Your participation not only supports a great ride, but helps fund the preservation of farmland, woodlands, natural habitat and historic rural communities in Cecil County. The efforts of the Cecil Land Trust may be what keeps Cecil County a rural landscape, the one that our recreational, touring, and competitive cyclists enjoy today. To that end, bicycling organizations in Delaware should actively support this event. Let's hope they do!


View Larger Map

Friday, April 7, 2017

NCC Executive Matt Meyer to speak at Civic League meeting

NCC Executive Matt Meyer will be the featured guest at the next New Castle County Civic League meeting on April 18. The topic will be land use. It is critical that bicyclists attend, as over-development and endless widening of arterial roads and intersections directly impacts the safety of non-motorized users.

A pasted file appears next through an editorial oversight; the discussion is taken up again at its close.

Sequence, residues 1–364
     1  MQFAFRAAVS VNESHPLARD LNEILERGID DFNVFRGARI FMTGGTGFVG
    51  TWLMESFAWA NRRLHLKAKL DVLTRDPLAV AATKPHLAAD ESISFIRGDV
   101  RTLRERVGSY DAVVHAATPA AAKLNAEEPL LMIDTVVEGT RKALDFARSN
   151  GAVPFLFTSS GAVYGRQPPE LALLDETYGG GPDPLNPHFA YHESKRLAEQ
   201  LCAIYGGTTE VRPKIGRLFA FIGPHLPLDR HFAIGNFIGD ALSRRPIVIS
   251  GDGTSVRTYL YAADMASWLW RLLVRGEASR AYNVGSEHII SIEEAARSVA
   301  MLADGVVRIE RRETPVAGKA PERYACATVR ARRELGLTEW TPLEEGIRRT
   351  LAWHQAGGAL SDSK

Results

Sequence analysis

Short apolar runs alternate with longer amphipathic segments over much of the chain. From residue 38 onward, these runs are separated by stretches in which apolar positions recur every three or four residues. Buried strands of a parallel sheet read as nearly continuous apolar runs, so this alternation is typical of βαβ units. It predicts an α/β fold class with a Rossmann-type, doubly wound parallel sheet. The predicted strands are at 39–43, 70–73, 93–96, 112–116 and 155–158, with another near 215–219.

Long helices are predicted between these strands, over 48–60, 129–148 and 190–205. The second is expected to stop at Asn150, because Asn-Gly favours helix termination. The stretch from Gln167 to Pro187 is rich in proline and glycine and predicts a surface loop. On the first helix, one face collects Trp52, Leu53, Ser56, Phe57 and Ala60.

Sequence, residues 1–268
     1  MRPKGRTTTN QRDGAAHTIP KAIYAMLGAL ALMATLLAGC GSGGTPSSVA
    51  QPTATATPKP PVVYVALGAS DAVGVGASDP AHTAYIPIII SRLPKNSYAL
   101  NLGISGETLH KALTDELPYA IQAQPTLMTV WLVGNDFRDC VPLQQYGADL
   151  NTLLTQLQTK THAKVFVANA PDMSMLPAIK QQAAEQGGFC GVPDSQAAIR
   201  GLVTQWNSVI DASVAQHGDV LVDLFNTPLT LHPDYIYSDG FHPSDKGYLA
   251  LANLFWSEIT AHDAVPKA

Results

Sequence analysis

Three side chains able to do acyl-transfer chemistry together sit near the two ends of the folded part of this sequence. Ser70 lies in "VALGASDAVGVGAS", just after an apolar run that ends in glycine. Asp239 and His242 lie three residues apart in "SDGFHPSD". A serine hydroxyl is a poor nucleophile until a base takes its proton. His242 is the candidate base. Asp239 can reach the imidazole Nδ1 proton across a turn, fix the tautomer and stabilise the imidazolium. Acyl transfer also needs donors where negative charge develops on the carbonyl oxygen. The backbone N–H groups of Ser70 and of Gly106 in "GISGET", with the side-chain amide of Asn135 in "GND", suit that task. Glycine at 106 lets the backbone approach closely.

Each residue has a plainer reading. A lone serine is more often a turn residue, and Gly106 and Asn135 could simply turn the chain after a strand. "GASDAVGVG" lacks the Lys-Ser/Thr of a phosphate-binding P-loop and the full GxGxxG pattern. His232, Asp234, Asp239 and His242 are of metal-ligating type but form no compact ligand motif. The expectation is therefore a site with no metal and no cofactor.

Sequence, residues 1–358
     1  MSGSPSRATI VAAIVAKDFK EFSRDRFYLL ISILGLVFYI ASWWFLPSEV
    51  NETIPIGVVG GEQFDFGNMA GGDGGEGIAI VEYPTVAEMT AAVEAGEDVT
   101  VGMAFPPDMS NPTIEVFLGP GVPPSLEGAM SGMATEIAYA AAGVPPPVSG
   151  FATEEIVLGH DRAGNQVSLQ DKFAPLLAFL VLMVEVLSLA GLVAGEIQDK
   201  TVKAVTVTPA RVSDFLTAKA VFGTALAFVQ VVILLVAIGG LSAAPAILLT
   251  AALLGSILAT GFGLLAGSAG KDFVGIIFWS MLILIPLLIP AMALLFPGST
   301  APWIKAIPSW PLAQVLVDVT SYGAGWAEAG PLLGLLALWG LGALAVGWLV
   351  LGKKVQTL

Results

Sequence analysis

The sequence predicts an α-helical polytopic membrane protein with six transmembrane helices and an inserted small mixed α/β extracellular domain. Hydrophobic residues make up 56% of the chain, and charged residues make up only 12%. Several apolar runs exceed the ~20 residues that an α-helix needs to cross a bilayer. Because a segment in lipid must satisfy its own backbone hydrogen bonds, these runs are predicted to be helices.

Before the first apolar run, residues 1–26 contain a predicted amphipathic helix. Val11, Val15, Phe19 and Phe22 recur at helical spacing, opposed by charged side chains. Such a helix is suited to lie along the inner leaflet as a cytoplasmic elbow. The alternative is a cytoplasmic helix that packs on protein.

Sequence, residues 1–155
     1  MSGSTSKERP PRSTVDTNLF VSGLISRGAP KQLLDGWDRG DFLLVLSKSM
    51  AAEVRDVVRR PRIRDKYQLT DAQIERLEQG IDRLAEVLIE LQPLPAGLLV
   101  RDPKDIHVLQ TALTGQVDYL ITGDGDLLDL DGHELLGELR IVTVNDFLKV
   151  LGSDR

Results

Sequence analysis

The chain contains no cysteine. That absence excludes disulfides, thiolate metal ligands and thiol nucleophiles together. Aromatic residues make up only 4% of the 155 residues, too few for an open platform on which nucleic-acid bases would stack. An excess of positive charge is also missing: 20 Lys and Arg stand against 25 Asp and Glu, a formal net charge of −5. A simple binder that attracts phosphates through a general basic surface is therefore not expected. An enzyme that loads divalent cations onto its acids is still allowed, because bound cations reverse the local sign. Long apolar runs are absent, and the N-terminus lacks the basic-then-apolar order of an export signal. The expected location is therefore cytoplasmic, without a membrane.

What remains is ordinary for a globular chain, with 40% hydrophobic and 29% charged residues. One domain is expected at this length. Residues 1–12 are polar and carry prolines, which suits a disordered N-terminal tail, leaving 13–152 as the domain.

The meeting is being held at the Christiana Presbyterian Church, 15 North Old Baltimore Pike in Christiana. A google map link is included on the meeting page.



Help us spread the word, and encourage others to attend! Responsible development, historical preservation, and saving open space are all critical for healthy communities. Biodiversity, fresh water, clean air, and limiting traffic congestion are also key. Curbing suburban sprawl also relieves the pressure to increase property taxes. Land use policy is critical, and that is exactly what Matt plans to discuss. Hope to see you there!

Wednesday, March 29, 2017

John Allen: Suburban sprawl as it affects bicyclists